Interview with Dr. Jana Hoffmann (JH, left) and Dr. Christiane Quaisser (CQ, right), heads of Science Program Collection Future
Please introduce yourself including your position at MfN.
CQ: My name is Christiane Quaisser. I have a doctoral degree in biology and am a passionate ornithologist. My professional path led me from field ecology to scientific collection and then, from scientific use to strategic development. The questions of a sustainable, responsible and future-oriented development of the collection by and with a professional and motivated team have been my central driver and common thread since I started in collection management in 2007. At the Museum für Naturkunde Berlin, I took over the collection management in 2013, built up and led the Science Program Collection Development and Biodiversity Discovery, and am now very excited to develop the new Science Program Collection Future together with Dr. Jana Hoffmann.
JH: My name is Jana Hoffmann. I am particularly interested in how we can design innovative forms of access and use of collections at GLAM institutions (galleries, library, archives and museums) that simultaneously enable active participation from society, business, and politics, and foster innovation. In recent years, I have successfully established and led the Science Program Digital World and Information Science. With my doctoral degree in Zoology, I have a strong connection to the basic research of the museum.
What is your role in shaping the Future Plan?
JH: Together with my colleague Dr. Christiane Quaisser, I am actively shaping the Zukunftsplan of the museum in the role of leading one of the main projects: Collection Disclosure and Development. In our dual role as project and science program leaders, we establish a close link between the activities of our project in the Zukunftsplan and Science Program Collection Future. The project Collection Disclosure and Development is divided into four sub-projects: Collection-Driven Research, Collection Transformation, Information Management, and Access, Innovation & Networking.
CQ: In addition to being responsible for the project Collection Disclosure and Development, as Head of Collection, I am responsible for planning the new physical collection infrastructures (spaces, requirements, and standards) and how to get there (relocations, interim solutions). As a researcher, I am actively involved in the design and development of the research cluster Open Heritage. Exploring Collections, Creating Futures.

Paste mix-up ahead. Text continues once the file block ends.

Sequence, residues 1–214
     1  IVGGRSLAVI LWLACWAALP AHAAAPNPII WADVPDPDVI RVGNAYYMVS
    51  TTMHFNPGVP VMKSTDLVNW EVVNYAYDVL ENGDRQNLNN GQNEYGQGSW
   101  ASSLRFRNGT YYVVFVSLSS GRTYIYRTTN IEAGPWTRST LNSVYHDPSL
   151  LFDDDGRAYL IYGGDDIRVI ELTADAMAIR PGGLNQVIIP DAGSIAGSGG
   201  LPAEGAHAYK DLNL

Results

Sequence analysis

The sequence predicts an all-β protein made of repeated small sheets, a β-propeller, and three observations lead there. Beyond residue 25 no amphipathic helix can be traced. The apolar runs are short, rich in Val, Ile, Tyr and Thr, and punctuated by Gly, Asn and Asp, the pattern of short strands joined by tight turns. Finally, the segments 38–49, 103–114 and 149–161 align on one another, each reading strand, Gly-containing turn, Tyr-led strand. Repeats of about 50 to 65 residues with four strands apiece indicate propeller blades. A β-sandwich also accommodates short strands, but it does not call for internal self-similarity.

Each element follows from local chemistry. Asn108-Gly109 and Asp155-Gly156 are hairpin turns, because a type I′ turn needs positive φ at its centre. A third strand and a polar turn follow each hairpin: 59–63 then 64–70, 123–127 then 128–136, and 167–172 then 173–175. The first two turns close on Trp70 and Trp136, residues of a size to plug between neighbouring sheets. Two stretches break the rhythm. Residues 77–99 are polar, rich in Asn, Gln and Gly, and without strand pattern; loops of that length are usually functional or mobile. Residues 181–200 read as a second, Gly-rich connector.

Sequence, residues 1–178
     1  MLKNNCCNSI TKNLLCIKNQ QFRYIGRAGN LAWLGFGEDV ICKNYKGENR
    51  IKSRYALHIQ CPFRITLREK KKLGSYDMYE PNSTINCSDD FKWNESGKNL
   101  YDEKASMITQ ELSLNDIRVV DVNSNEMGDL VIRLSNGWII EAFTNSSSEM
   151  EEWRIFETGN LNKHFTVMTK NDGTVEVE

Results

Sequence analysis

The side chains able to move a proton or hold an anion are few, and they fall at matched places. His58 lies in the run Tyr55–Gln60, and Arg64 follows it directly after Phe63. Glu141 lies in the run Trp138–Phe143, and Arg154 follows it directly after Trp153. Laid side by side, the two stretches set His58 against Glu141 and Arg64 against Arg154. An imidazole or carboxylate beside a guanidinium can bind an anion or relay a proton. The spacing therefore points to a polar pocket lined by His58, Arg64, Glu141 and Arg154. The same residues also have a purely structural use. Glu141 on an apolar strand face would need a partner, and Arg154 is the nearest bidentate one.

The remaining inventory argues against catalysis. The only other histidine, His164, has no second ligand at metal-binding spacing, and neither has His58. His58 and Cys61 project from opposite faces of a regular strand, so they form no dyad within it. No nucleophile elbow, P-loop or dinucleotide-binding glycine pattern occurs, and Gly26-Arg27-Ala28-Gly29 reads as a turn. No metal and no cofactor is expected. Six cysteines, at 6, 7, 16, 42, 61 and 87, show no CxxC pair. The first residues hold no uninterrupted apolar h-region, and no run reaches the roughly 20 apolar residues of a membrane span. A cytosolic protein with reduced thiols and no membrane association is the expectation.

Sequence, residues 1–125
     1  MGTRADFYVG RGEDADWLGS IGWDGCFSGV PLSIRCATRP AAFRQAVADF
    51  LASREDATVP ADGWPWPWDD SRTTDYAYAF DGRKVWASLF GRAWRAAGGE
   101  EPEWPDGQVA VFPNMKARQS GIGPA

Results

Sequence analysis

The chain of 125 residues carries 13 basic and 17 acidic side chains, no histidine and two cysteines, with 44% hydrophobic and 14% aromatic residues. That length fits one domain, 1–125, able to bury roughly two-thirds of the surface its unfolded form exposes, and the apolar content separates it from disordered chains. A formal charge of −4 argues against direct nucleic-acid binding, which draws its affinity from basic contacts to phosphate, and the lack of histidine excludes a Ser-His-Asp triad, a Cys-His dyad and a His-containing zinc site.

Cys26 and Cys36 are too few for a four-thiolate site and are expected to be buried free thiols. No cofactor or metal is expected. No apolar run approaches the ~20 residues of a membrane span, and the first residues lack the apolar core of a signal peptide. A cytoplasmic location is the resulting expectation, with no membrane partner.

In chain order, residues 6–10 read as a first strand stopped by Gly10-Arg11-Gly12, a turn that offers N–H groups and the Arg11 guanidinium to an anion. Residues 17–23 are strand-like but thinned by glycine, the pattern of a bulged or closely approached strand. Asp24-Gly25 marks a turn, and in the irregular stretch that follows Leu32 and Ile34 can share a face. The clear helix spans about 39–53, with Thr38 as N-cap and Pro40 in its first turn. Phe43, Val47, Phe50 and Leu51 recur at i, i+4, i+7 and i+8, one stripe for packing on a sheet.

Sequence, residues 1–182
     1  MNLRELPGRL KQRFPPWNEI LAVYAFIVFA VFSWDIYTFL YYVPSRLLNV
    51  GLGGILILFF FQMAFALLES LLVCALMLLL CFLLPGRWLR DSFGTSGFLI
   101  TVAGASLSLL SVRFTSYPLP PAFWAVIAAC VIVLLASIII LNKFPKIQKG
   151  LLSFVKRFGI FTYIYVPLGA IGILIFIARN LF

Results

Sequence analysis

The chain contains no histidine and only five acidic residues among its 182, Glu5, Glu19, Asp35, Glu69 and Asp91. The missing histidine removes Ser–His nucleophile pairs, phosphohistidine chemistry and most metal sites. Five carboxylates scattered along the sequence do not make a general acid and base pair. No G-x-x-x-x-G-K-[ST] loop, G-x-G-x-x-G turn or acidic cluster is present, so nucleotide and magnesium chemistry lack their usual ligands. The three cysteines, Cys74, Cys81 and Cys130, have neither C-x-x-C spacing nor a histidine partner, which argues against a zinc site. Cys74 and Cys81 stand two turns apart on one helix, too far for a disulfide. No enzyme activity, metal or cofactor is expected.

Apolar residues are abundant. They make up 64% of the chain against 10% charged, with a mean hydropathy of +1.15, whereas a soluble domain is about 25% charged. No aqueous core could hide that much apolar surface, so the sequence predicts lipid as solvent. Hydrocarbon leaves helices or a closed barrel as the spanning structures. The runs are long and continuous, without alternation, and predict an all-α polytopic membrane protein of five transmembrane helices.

What opportunities do you see in the implementation of the Future Plan for the museum and for the society?
JH: With the implementation of the Zukunftsplan, we have the unique opportunity to fully open up the collection, i.e., to conserve it, digitally record it, and make it accessible for innovative uses. Our goal is to develop the collection into an open, digital-analog knowledge infrastructure with professional knowledge management for objects, knowledge and data that can meet future scientific, societal and technological requirements.
CQ: The Future Plan enables us to make the long-awaited quantum leap for our collection in every respect: structurally and preservation-wise, digitally-technologically as well as conceptually. The transformation of the collection over the next few years will give it a new presence, open up new possibilities, in the context of the museum, the campus with the Humboldt University as well as society. We are developing a collection for the future.
How do you imagine the museum in 2030?
CQ: First, of course, by the structural changes (Wow!) and the open, welcoming atmosphere. After entering, by the new spirit (and smell), which is aware of its roots but cleared of the dust both physically and mentally. Our collection has radiance as a model for its physical housing such as digital-analog accessibility and information networking, radiance as a necessary foundation for research and transfer, and our shared global heritage.
JH: My vision for collection development: In 2030, the Museum für Naturkunde Berlin has one of the most modern national collection infrastructures. This research infrastructure is fully integrated into the European landscape. We enable knowledge transfer via a globally networked Collection Future Center, a competence center for innovative collection management, interdisciplinary collection-based cutting-edge research, and application development with appropriate formats for knowledge transfer and a great variety of services. Holistic access to objects, digitized material, and associated knowledge are inspiration and source material for co-production and open innovation. The collection has become an "enabler" for research, business and innovation.
The interview was conducted by Dr. Gesine Steiner (Press Officer)
Status: 1 March 2021